Asian fintechs are at the forefront of a new move in the youthful world of stable coins to use collateral to create reliably valued tokens.
The most famous “stable coin”, a tradable digital token that faithfully tracks the value of a fiat currency or real asset, is Tether, which uses a verifiable pool of capital to maintain a price of US$ per token. Circle, a fintech backed by Goldman Sachs, is another so-called proponent of “off-chain collateral”. Other companies such as HelloGold seek to do the same vis-à-vis the price of gold.
An emerging set of players, including MakerDAO in Shanghai and Havven in Sydney, thinks this isn’t the way to go. They are now releasing stable coins that rely on collateral “on-chain” instead.
“What’s the main problem with crypto-currencies?” wondered Pan Chao, economist at MakerDAO. “People don’t use it as a currency because it’s too volatile, and businesses can’t risk taking income in bitcoin.”
Stable coins, if they are proven to work, will serve as an important bridge between the fiat world and crypto finance. They could even underpin a new payments system that bypasses credit-card companies, suggests one crypto investor in Hong Kong; a stable coin becomes a vehicle for lending and other financial services.
So the stakes are high: getting stable coins right, which means attracting massive adoption and acceptance for a token to serve as both a store of value and a gateway to other tokens, could prove one of the most important battles in crypto economics.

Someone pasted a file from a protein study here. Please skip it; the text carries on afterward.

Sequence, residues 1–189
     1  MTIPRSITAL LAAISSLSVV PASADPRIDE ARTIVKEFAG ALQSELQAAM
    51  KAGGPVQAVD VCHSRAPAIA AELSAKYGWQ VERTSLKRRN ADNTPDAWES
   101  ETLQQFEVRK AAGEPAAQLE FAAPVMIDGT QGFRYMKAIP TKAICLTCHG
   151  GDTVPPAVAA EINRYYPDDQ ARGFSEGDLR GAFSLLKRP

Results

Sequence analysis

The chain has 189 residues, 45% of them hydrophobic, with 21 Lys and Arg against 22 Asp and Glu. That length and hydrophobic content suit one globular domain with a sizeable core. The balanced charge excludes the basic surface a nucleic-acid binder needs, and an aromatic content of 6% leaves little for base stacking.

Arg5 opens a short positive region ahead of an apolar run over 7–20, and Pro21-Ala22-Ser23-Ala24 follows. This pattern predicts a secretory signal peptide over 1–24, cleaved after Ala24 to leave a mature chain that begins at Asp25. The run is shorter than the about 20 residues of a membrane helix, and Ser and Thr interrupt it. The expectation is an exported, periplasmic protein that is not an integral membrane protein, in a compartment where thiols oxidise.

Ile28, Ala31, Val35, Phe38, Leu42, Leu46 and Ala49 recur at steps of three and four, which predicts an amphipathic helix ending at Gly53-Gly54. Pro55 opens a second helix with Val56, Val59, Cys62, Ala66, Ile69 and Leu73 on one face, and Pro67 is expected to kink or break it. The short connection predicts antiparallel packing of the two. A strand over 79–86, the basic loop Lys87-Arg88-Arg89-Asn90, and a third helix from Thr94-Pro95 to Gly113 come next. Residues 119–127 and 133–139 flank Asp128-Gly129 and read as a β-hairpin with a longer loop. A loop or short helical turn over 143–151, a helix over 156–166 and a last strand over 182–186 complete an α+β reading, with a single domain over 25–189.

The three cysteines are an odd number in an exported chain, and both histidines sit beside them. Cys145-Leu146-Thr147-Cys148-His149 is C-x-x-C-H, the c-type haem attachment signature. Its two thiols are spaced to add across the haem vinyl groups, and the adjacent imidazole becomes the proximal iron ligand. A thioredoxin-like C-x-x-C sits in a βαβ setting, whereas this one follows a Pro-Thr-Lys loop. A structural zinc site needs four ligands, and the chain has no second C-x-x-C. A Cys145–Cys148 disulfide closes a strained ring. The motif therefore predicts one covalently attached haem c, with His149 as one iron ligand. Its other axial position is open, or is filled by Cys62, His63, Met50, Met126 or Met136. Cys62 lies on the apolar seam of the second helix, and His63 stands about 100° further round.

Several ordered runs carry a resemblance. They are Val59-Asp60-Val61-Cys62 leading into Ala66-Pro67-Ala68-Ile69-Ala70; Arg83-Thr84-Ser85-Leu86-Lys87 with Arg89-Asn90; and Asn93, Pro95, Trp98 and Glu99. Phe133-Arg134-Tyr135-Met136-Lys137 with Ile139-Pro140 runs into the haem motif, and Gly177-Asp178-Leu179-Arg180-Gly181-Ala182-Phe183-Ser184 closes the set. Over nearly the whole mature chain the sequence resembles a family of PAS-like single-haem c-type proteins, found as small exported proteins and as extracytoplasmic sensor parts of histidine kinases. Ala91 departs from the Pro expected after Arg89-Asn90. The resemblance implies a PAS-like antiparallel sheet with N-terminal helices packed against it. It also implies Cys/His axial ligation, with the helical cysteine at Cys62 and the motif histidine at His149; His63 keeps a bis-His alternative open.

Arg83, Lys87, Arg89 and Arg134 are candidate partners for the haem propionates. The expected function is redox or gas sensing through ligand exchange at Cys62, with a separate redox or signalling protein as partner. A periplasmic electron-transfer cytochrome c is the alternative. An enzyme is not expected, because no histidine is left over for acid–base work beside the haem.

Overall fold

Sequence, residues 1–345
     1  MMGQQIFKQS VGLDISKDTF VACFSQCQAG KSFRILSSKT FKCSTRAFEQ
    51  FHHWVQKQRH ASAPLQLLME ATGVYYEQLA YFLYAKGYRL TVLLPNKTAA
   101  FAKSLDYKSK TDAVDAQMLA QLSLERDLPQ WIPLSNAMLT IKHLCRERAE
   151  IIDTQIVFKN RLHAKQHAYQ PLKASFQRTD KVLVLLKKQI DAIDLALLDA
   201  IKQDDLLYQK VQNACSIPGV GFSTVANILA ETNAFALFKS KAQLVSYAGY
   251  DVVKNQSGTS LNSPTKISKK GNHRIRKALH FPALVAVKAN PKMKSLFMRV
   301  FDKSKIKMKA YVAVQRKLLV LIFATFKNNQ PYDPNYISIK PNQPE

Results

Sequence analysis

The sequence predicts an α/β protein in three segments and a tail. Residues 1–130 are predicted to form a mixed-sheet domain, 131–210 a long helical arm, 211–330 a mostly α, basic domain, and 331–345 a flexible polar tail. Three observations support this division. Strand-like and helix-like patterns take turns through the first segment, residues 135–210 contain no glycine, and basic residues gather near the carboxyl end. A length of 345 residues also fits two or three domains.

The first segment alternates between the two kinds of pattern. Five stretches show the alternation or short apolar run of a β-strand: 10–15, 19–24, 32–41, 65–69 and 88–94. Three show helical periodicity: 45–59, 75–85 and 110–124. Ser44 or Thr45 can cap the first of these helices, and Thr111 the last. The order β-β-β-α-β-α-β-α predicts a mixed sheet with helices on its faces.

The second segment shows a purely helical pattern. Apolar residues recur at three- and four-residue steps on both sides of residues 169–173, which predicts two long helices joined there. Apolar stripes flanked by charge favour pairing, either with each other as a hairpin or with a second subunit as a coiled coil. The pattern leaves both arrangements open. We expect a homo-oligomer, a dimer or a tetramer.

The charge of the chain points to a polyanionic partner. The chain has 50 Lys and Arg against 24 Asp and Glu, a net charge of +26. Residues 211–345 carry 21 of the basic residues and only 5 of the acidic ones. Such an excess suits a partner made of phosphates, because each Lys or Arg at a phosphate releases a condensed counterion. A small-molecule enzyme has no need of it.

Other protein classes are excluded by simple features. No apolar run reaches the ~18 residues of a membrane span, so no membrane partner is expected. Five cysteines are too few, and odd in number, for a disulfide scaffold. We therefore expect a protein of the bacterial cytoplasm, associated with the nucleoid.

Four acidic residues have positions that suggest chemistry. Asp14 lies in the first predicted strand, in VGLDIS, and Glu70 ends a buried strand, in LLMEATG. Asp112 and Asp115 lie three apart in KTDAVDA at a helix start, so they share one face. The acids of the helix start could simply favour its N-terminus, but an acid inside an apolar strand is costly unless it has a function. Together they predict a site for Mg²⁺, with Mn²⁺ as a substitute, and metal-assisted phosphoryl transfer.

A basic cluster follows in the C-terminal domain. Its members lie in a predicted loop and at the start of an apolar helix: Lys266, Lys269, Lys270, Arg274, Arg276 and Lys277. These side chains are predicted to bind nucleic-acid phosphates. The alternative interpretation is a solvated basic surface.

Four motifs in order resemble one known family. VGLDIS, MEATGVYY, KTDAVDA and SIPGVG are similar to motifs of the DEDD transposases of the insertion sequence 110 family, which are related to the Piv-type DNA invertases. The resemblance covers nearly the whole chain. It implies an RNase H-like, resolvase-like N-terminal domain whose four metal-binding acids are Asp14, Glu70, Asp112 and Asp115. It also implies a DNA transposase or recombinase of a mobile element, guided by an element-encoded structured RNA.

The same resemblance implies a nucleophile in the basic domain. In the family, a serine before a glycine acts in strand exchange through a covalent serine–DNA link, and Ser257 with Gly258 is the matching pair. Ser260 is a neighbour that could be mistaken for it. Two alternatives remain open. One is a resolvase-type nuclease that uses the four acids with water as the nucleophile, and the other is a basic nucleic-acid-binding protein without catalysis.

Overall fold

On the chain
The drawback to relying on pools of underlying capital is twofold. First, it requires a centralized authority to maintain the pool and make markets, which creates a point of vulnerability. Critics say the point to the crypto world is decentralization, so developers are looking for other ways to handle this. The second problem is obvious: verifying the underlying capital; Tether resisted showing its books before finally adopting a more transparent approach. Even so, if stable coins are to meet their potential by scaling, the ability to amass sufficient volumes of the underlier is going to be questioned.
If a stable coin is to be widely accepted, some derivatives will be needed
So now blockchain companies are introducing coins that rely on mathematical treatment of user collateral, which is a step toward decentralization and also reduces the need to maintain a pool of capital equal to the value of outstanding tokens.
(There is a third school of stable coin enthusiasts, including Basis and Carbon Fragments, seeking to go 100 percent decentralized and bin collateral altogether in favor of algorithms that serve the same function. Too early to tell if this works in the real world.)
MakerDAO is the first to release a stable coin built on the Ethereum blockchain. Its model is complicated. It relies on two coins, one a governance token (MakerDAO) and the other the coin traded among users (Dai).
It accepts ether as collateral in order to create Dai coins, which are pegged at $1 (the company’s original idea was to peg it to Special Drawing Rights, the IMF’s unit of accounts). This is done by locking users’ ether via smart contracts into swaps of Dai at 66% the value of the ether collateral. Then Dai can be traded at crypto exchanges for other types of tokens. The MakerDAO coin is used to make markets in order to maintain the value of Dai to ether.